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Publication numberUS3546023 A
Publication typeGrant
Publication dateDec 8, 1970
Filing dateDec 29, 1966
Priority dateDec 29, 1966
Publication numberUS 3546023 A, US 3546023A, US-A-3546023, US3546023 A, US3546023A
InventorsDouglas V Halter, Richard J Teeter
Original AssigneeDouglas V Halter, Richard J Teeter
Export CitationBiBTeX, EndNote, RefMan
External Links: USPTO, USPTO Assignment, Espacenet
Storage battery with transparent top and baffled holes between cells
US 3546023 A
Abstract  available in
Images(4)
Previous page
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Claims  available in
Description  (OCR text may contain errors)

Dec. 8, 1970 D v, HALTER ETAL 3,546,023 STORAGE BATTERY WITH TRANSPARENT TOP AND BAFFLED HOLES BETWEEN CELLS Filgd Dec. 29, 1966 '4 Sheets-Sheet 1 4 7. M 3 6 y E 5 a i 0 mg m E 0 |V 4 II I J I 2 W e 1 2 1 ET i I F 7 5 A%,.l\ WV flu. Q J a Q d 1 @u m 3 m 4 T K ma A s m m m mm W a w DR V m AT TORNEYS Dec; 8, 1970 D. V. HALTER ETAl. 3,546,023

STORAGE BATTERY WITH TRANSPARENT TOP AND BAFFLED HOLES BETWEEN CELLS Filed Dec. 29, 1966 4 Sheets-Sheet -z INVENTORS Douglas V Haltes' Richard J. Teefer r ATTORNEYS D. V. HALTER ETAl.

Dec. 8,1970

D E L F F A B D N A P 0 M ML EE RC MN E NE w M B HS m 0 YH R E T T A B G A R O T 5 Filed. Dec, 29, 1966 4 Sheets-Sheet 5 1 Fig. I4

. f vl mm mm a wHT m J mm m h kw DR BY y MM ATTORNEYS Dec. 8, 1970 o. v. HALTER ET I 3,546,023 STORAGE BATTERY WITH TRANSPARENT TOP AND BAFFLED HOLES BETWEEN CELLS Filed Dec. 29, 1966 4 Sheets-Sheet &

I8 v 23' /1///////IA I I B ///4 s7 v I 73 i a Q i E I i p 7a- 5 1 78 I S I o l WW7? oug as 0 er H 20 Richard-J. Teeter lav ' ATTORNEYS United States Patent US. Cl. 136-166 12 Claims ABSTRACT OF THE DISCLOSURE Storage battery having transparent case and top, single filler cap with valve limiting vapor release and preventing liquid loss on tipping, vent tube from filler cap to remote position, cell partitions molded with case and bafiled cell communication holes in partitions, upper vapor holes in partitions, and cell bars encased and accommodated by upper partition slots.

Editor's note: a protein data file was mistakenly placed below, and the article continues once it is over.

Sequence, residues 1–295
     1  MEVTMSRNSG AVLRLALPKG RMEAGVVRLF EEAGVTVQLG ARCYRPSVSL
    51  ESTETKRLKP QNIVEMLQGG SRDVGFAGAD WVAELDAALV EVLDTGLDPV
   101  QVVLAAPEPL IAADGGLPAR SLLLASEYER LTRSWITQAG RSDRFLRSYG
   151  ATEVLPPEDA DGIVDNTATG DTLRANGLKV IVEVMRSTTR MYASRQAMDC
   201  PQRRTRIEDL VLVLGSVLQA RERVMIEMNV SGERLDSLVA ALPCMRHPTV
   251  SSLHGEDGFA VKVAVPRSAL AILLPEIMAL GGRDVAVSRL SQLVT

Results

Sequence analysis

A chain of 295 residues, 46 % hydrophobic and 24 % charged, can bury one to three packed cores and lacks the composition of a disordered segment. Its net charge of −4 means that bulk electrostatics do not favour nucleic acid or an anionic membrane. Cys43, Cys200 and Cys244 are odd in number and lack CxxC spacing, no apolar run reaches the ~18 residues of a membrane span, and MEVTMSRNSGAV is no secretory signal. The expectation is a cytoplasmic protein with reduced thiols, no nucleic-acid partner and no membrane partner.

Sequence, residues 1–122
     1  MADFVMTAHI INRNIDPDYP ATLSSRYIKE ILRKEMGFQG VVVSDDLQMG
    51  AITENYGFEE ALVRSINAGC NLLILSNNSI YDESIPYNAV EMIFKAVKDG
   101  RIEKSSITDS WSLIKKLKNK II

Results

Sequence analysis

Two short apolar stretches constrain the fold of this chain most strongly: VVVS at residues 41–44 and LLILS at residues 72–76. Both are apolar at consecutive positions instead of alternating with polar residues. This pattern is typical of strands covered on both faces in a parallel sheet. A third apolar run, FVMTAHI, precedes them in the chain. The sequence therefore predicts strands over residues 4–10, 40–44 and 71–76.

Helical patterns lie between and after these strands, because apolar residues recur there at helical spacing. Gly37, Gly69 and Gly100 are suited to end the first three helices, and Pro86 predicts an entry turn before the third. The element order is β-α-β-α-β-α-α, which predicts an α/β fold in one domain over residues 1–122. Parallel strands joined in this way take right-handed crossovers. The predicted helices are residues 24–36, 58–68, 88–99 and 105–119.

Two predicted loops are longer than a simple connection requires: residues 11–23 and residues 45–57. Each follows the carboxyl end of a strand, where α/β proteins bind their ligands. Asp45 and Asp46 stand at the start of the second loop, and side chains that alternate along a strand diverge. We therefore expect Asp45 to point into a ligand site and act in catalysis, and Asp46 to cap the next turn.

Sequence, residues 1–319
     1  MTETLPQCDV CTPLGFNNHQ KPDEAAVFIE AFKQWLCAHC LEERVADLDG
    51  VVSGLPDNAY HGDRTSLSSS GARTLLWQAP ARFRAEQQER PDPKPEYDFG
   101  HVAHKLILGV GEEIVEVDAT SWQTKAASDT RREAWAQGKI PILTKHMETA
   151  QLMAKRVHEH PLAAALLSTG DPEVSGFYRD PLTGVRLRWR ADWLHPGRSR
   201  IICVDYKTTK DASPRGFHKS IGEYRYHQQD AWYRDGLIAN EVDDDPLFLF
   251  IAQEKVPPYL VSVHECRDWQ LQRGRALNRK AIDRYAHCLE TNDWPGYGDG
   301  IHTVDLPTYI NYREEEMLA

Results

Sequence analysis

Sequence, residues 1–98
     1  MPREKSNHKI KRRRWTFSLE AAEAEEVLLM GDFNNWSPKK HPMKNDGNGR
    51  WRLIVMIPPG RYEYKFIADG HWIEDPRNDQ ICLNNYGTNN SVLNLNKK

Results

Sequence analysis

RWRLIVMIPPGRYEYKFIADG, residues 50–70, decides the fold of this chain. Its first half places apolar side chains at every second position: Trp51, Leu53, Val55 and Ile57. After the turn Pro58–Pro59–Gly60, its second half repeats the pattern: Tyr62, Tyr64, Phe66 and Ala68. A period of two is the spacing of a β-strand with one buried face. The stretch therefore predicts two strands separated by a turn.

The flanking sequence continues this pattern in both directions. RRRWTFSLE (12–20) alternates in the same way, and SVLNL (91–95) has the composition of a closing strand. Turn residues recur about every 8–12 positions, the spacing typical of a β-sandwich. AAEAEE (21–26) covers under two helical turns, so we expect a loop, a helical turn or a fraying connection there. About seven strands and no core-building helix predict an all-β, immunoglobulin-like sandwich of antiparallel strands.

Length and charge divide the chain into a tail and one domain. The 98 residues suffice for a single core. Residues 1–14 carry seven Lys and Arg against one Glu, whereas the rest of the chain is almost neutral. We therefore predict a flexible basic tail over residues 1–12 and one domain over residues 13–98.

This invention relates to improvements in wet cell, storage batteries, and more particularly to improvements in the construction of wet cell storage batteries of the type commonly used to provide a six-volt or a twelve-volt source of power for starting the motors of automobiles, trucks and the like or for other purposes. As such, the invention will be hereinafter called a storage battery.

An object of the invention is to provide a novel and improved storage battery wherein both the cell plate assemblies and the circuit bars interconnecting the plates are fully encased to expose only the terminal connectors.

Another object of the invention is to provide, in a storage battery, a novel and simplified arrangement for filling and maintaining a uniform liquid level in the cell compartments thereof and for protecting the exterior of the battery and its surrounding environment from corrosive fumes and vapors when the battery is in use.

Another object of the invention is to provide a novel and improved housing for a storage battery which is formed of transparent material to provide visual inspection of not only the liquid level, but also any accumula tion of material below the plates and the condition of the cell plate assemblies in the individual compartments of the battery, the latter being advantageous not only during use, but also during manufacture.

Another object of the invention is to provide a novel and simplified arrangement for permitting fluid communication between the cells of the battery so that a single filling opening is all that is required and no individual cell will deteriorate because of low fluid level.

Another object of the invention is to provide a novel battery in which pressures above fluid level are transmitted between cells and to a single pressure release opening, to prevent undue pressure building up in any individual cell.

A further object of the invention is to provide in a storage battery an improved and simplified manner of interconnecting the several cell plate assemblies with fully encased and protected circuit bars, all as an interlocking grid structure completely within the battery case.